Gwangju hosts a burning biennale
The stoves, made by American contemporary artist Sterling Ruby, reflect his long interest in “the process of destruction and renewal occurring both naturally and through rampant consumerism,” according to Jessica Morgan, the director of this year’s Gwangju Biennale.
So, Ruby’s work is both literally and symbolically linked to the aggressive title of the biennial’s 10th edition, “Burning Down the House.”
The exhibition explores “a cycle of obliteration and renewal evident in aesthetics, historical events and an increasingly rapid exchange of redundancy and renewal in commercial culture,” Morgan, the Daskalopoulos curator of international art at the Tate Modern in Britain, said Wednesday in a preview of the biennale in Gwangju.
“Burning Down the House” can have multiple, diverse meanings. It can mean resistance to old customs, including roles inside a family, or political protests such as the May 18 Democratic Uprising in Gwangju in 1980, or consumption trends.
The 10th Gwangju Biennale makes a bold attempt to encompass all these issues through works by 105 artists from 39 countries, including 35 new commissions.
“Gallery 1 presents works that explore the relation of the body and the individual subject to situations of duress and struggle, while Gallery 2 reflects on the rapidly increasing consumer culture of Asia and the resulting dislocation from material production,” Morgan said.
In Gallery 1 is Korean artist Lee Bul’s grotesque “soft sculpture” suit, which looks like a hermaphrodite monster. She wore it and walked around the streets in performance to protest fixed ideas about gender in the late 1980s and early 1990s. A film of the performance is also being screened in the gallery.
The exhibits in Gallery 1 also include “The Ozymandias Parade,” an installation by American artist Edward Kienholz and his artistic partner and wife Nancy Reddin Kienholz, which bluntly ridicules military and political power.
“The objects might have dreamed of being reincarnated into a better object, but I have made them my artwork, breaking samsara (the eternal cycle of birth, death and rebirth) and giving them nirvana,” Lee told the Korea JoongAng Daily.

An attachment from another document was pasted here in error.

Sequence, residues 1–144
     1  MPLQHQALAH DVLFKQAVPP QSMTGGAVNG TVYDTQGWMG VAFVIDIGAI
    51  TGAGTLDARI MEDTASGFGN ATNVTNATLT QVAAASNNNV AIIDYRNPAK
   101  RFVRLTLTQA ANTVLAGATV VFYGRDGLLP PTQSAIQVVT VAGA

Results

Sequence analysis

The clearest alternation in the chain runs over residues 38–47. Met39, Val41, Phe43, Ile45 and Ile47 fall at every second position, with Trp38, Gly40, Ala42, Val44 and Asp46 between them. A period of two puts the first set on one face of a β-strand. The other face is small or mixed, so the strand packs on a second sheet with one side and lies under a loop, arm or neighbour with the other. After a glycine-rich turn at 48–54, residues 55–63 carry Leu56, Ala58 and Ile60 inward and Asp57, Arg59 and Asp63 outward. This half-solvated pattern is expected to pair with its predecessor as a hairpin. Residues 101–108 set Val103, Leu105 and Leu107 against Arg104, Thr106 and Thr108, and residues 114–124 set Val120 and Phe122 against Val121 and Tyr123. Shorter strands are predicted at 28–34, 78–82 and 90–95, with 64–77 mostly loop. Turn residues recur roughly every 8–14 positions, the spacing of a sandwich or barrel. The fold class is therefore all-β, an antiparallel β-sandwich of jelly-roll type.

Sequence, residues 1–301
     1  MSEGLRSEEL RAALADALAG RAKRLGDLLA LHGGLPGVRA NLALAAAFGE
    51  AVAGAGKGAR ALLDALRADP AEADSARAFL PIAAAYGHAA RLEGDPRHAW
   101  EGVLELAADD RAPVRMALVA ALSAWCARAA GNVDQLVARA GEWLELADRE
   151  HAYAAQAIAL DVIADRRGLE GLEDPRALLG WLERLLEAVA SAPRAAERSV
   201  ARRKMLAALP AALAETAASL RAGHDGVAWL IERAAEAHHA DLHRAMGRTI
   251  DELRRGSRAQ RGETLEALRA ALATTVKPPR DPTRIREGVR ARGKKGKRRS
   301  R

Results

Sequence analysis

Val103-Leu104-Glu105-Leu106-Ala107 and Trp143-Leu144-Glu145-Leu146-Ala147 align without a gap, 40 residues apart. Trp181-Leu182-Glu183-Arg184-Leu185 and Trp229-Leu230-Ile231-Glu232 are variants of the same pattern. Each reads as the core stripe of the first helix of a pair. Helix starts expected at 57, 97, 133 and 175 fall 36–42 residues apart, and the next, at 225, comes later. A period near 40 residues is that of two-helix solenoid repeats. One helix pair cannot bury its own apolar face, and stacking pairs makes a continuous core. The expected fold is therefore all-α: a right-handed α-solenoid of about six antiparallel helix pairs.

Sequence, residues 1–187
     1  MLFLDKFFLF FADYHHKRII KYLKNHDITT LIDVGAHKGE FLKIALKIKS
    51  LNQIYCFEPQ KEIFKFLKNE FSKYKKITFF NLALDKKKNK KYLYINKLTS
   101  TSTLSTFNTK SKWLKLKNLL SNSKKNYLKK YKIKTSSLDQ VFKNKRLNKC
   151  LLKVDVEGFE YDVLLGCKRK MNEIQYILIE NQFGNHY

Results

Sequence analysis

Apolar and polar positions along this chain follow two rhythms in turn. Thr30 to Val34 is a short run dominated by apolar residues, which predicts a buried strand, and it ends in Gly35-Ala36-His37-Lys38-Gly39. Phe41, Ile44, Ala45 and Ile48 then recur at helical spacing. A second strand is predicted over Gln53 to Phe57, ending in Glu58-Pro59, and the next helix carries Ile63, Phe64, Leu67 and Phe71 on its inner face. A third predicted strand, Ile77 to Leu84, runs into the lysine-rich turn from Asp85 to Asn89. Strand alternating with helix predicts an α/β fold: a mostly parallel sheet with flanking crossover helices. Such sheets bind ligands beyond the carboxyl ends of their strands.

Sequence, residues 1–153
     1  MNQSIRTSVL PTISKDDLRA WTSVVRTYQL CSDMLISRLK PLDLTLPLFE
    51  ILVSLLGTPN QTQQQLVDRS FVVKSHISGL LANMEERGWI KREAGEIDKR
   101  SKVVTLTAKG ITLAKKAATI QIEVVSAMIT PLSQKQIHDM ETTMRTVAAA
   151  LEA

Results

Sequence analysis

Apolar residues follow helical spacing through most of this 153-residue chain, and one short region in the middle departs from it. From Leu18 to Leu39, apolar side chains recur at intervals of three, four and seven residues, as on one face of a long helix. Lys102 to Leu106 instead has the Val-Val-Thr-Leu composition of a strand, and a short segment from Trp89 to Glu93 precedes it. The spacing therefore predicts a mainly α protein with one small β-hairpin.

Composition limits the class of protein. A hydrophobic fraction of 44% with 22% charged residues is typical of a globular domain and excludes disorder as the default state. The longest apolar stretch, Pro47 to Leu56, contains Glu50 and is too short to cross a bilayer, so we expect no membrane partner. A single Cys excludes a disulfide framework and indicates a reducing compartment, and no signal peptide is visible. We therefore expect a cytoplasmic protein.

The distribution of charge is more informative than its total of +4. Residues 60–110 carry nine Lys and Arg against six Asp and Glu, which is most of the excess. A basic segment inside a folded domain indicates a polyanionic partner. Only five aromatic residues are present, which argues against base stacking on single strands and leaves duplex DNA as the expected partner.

Meanwhile, Gallery 3 “takes the architecture of the house and the fragmented urban landscape,” according to Morgan.
American artist George Condo’s distorted human head sculpture and Austrian fashion designer Carol Christian Poell’s horse sculpture stand inside the rooms of a giant installation by Swiss artist Urs Fischer, with wallpaper that makes the interior appear to be that of an ordinary house.
The 10th Gwangju Biennale touches on nearly every issue. The range of concepts and messages in the exhibits are wide, encompassing politics, gender, consumption and aesthetic issues. The general impression of the biennale is somewhat vague, although there are some eye-catching works.
Some artworks reflect the exhibition’s title “Burning Down the House” quite literally. Those works include Argentine artist Eduardo Basualdo’s “The Island,” which is a scaled-down house constructed from the burnt remnants of a building in Buenos Aires; and British artist Cornelia Parker’s “Heart of Darkness,” an installation comprising charcoal fragments from a forest fire.
On the other hand, some works such as Paris-based duo Cecilia Bengolea and Francois Chaignaud’s performance “Sylphides” are loosely linked to the theme. The performance itself, in which dancers repeat transformations between inanimate objects and humans, is fascinating. But many people could remain curious about why they see the performance here.
“I like the show; the works are very carefully and effectively installed,” said Yoo Jin-sang, an art critic and professor at Kaywon University.
However, art critic Ban E-jung disagreed, saying the theme was “too broad.”
By MOON SO-YOUNG [email@example.com]
The show runs through Nov. 9. Hours are 9 a.m. to 6 p.m. Admission is 14,000 won ($13.68) for adults. Gwangju Biennale Hall is located a 15 minute drive from Gwangju Station.
For more information, visit www.gwangjubiennale.org or call (062) 608-4114.